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The New Landscape of Commercial Photo Imaging



"Developments in printing technology have allowed equipment to progress to printing directly on substrates up to 2-inches thick. This saves material costs, labor costs and increases our overall speed. We may still need to apply a mounting film, but overall it will help with our margins and price points, turn-around times and customer cost concerns," says Curran.

In the same vein, select the best substrates to present to your clients. The sheer volume of new products and substrates being introduced on a regular basis increases the difficulty level when selling to clients, but also gives shops the opening to "wow" them. Identifying two or three really new and interesting substrates to take into clients for a 15-minute presentation is a critical selling point.

Beyond substrates, what are commercial customers looking for these days? According to a study done by Hart & Associates for PMA, they are looking for faster turnaround time on jobs; recommendations on how to save money on projects; durable, high-quality print jobs; and good color matches. The study also showed that photo labs have key strengths in color management, expertise in imaging and high quality output and the ability to print on new substrates.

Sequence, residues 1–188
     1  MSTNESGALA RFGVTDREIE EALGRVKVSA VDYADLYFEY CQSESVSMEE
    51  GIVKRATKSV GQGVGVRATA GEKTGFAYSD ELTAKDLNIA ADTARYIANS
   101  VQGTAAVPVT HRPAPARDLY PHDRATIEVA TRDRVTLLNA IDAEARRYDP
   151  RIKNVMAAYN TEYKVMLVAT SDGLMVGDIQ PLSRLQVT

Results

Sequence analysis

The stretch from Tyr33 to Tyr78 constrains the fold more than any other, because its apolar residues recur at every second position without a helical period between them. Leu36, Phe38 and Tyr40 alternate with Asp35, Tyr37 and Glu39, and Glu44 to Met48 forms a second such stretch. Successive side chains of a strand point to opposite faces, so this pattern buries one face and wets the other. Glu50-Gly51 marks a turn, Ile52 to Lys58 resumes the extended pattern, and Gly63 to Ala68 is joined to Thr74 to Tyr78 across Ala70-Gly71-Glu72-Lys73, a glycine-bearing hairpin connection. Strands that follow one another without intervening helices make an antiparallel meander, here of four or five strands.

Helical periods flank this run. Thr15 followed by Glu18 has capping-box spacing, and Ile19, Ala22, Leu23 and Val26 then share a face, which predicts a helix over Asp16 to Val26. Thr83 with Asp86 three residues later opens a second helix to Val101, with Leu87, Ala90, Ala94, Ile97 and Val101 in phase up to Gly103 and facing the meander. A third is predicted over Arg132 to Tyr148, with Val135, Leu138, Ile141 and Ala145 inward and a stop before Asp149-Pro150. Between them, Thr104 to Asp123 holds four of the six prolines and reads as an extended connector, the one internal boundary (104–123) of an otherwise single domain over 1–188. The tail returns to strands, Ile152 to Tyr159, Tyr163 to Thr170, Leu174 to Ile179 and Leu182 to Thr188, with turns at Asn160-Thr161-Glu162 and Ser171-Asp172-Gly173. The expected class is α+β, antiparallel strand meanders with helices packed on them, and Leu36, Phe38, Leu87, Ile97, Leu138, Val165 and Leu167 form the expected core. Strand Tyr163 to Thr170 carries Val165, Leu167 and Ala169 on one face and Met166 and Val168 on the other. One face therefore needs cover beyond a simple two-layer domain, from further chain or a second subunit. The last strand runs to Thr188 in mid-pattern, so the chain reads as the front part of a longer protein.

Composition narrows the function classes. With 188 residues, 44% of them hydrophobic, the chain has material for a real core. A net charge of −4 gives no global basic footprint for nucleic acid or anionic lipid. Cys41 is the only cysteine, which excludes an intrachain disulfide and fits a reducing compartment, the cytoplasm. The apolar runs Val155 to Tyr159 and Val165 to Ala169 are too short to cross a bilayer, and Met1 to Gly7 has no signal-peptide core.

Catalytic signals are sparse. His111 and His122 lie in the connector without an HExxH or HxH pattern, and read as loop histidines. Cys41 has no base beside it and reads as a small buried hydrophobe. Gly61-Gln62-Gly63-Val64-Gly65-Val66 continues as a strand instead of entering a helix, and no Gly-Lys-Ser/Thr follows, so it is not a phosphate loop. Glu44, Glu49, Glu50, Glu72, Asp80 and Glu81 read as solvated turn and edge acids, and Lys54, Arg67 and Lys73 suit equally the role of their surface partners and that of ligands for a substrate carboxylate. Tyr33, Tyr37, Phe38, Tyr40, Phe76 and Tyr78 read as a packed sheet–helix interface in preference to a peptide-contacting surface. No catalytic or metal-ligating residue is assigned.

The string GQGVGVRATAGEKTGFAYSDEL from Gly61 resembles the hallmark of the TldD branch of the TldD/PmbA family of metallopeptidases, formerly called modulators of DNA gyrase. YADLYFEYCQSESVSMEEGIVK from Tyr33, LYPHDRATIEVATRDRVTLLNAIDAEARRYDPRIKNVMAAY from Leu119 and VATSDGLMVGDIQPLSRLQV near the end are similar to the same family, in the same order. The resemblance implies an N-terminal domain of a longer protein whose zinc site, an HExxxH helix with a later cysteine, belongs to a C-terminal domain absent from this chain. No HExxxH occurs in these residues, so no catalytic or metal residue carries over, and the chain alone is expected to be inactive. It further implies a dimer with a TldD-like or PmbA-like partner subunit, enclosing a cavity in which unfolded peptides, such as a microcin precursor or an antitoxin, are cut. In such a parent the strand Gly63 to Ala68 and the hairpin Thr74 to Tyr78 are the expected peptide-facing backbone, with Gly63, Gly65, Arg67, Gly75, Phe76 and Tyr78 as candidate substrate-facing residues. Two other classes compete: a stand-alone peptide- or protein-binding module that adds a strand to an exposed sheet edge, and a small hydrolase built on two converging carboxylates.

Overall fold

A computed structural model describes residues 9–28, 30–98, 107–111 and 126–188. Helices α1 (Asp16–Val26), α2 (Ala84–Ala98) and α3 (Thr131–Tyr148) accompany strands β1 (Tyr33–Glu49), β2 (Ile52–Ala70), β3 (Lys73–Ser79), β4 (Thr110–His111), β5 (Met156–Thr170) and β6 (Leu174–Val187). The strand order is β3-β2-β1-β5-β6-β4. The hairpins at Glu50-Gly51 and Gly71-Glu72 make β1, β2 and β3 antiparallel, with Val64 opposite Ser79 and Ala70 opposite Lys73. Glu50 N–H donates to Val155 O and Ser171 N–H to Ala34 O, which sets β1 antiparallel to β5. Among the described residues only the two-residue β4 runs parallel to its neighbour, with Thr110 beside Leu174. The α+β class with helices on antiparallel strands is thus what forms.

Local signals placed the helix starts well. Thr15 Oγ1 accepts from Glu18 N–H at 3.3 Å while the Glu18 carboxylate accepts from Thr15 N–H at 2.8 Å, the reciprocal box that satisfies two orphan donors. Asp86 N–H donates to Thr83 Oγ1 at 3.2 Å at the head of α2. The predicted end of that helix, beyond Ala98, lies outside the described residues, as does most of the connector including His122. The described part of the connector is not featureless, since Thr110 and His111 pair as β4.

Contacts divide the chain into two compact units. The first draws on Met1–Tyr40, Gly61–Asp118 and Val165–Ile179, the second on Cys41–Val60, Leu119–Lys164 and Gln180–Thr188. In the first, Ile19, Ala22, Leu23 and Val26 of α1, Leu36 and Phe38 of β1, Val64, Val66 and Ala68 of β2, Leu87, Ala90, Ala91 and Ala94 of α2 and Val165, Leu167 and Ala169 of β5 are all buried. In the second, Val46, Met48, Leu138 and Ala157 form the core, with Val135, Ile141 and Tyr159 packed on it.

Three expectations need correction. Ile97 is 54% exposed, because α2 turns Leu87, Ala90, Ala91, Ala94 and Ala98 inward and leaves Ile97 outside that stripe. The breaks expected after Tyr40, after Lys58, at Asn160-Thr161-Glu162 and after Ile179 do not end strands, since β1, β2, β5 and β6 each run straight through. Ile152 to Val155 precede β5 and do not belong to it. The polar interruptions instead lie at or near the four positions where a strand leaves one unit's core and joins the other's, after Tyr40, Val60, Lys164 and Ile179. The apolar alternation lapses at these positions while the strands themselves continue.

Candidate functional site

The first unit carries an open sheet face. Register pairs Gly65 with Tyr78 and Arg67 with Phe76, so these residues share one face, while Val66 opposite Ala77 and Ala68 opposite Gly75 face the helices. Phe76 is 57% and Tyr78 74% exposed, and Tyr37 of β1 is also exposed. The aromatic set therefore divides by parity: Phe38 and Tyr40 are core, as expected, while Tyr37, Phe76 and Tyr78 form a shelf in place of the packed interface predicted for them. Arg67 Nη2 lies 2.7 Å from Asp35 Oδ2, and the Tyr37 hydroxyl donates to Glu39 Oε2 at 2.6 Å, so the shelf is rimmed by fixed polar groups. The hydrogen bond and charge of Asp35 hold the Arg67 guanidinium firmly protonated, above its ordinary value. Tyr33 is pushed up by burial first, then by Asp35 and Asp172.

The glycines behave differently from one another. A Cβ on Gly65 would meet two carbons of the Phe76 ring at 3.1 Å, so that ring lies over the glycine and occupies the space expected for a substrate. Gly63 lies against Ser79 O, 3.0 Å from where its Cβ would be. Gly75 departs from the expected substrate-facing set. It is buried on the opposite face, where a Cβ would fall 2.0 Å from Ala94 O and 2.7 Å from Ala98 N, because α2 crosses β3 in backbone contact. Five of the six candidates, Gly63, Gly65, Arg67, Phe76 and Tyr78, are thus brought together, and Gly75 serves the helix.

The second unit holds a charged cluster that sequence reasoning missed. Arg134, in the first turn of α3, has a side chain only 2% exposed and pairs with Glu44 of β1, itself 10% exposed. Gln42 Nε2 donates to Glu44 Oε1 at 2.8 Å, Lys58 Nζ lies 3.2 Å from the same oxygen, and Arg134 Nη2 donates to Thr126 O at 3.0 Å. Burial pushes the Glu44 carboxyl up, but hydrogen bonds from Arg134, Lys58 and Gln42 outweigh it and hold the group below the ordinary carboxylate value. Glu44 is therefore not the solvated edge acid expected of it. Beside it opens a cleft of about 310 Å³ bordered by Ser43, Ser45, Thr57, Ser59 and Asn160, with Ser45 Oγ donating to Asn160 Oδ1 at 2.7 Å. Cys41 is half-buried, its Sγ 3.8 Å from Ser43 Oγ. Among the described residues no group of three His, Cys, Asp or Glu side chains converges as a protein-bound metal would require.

Customers also want the ability to see proofs online and access to better file delivery systems. Because of these requests, customers often need education on the new digital technology, just as the lab staff needs education in operating new equipment. Many customers need help in figuring out the best way to send photos to the shop.

Because of their ability to receive photos online, many shops have seen their customer list grow beyond their local area. Even smaller labs are getting more out-of-state business because of the Internet. The only drawback is that companies aren't getting much, if any, face time with their new customers and must rely on field reps or very good customer service to personalize their service.

Another observation is that because many customers' print or media budgets have been reduced, they are looking to their lab to become more of a partner in helping them achieve their marketing goals and reduce printing costs. That may involve recommending different materials for printing or using different printing methods in order to save time and money.

Finding a Niche is Critical

Because of the increasing number of competitors, a key strategy for commercial labs will be distinguishing themselves from the other players. To do this, companies must find a niche in what they do better than competitors in the area, and market that strength to new and existing customers. Or they need to acquire new equipment or technology that will enable them to provide a service that isn't already being offered. One avenue that firms have ventured down is adding services to provide a total graphics package.